The desperation of Hagel’s critics has given rise to ugly moments, as when Oklahoma’s Sen. Jim Inhofe asked whether Hagel has ties to the Iran foreign ministry and freshman Texas Sen. Ted Cruz, huffing up conspiracy theories, asked if money “deposited in his bank account came directly from Saudi Arabia, came directly from North Korea.”
Sen. Bill Nelson rightly rebuked him, saying: “Senator Cruz has gone over the line … He basically has impugned the patriotism of the nominee.” Even a onetime friend of Hagel’s turned harsh critic, John McCain said: “No one on this committee should at any time impugn his character or his integrity.”
The Hill weighed in, saying Cruz “acted like Joe McCarthy in short pants with his insults of war hero Hagel.” And the Houston Press also reached for the McCarthy metaphor, saying, “Cruz has spent the last week channeling the ghost of McCarthy, blasting baseless accusations at Chuck Hagel … The freshman senator seems intent on wringing some sort of Islamist bent from Hagel, parsing verbs and phrases and looking, exegetically, at every single interview and financial source the former senator has ever crossed.”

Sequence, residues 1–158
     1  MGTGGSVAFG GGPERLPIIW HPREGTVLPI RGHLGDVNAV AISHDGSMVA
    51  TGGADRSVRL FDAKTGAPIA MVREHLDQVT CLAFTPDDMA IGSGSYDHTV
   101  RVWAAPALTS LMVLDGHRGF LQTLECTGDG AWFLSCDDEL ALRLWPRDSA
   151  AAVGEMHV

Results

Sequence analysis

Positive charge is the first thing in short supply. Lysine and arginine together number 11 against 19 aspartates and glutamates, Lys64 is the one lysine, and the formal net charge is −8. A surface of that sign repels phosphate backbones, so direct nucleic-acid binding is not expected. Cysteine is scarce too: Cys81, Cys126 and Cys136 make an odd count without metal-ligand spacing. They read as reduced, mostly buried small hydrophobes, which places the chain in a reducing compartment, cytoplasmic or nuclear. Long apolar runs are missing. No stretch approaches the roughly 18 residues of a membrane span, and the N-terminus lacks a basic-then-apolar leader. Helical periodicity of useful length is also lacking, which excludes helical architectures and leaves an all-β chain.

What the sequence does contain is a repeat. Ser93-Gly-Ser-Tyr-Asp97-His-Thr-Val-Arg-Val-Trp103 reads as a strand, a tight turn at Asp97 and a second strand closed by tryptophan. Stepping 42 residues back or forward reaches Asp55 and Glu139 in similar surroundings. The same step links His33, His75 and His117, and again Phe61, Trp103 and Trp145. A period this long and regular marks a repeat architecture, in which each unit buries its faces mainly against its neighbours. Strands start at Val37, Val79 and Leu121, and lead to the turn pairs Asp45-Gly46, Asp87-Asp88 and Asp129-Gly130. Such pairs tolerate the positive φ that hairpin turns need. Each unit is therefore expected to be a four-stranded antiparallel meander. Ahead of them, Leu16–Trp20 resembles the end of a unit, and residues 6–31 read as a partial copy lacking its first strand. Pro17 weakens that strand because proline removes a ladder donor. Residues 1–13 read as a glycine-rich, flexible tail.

Yep, this is getting ugly. And unnecessary. Reasonable people can disagree on policy, but it just so happens that the majority of Americans agree with Hagel (and Obama) that the Iraq War was a costly mistake in retrospect, driven by bad intelligence and ideology rather than national interest. But this fight isn’t rooted in a debate over reasonable policy differences as much as an investment in the politics of personal destruction—the demand that demonizations be disqualifiers in themselves.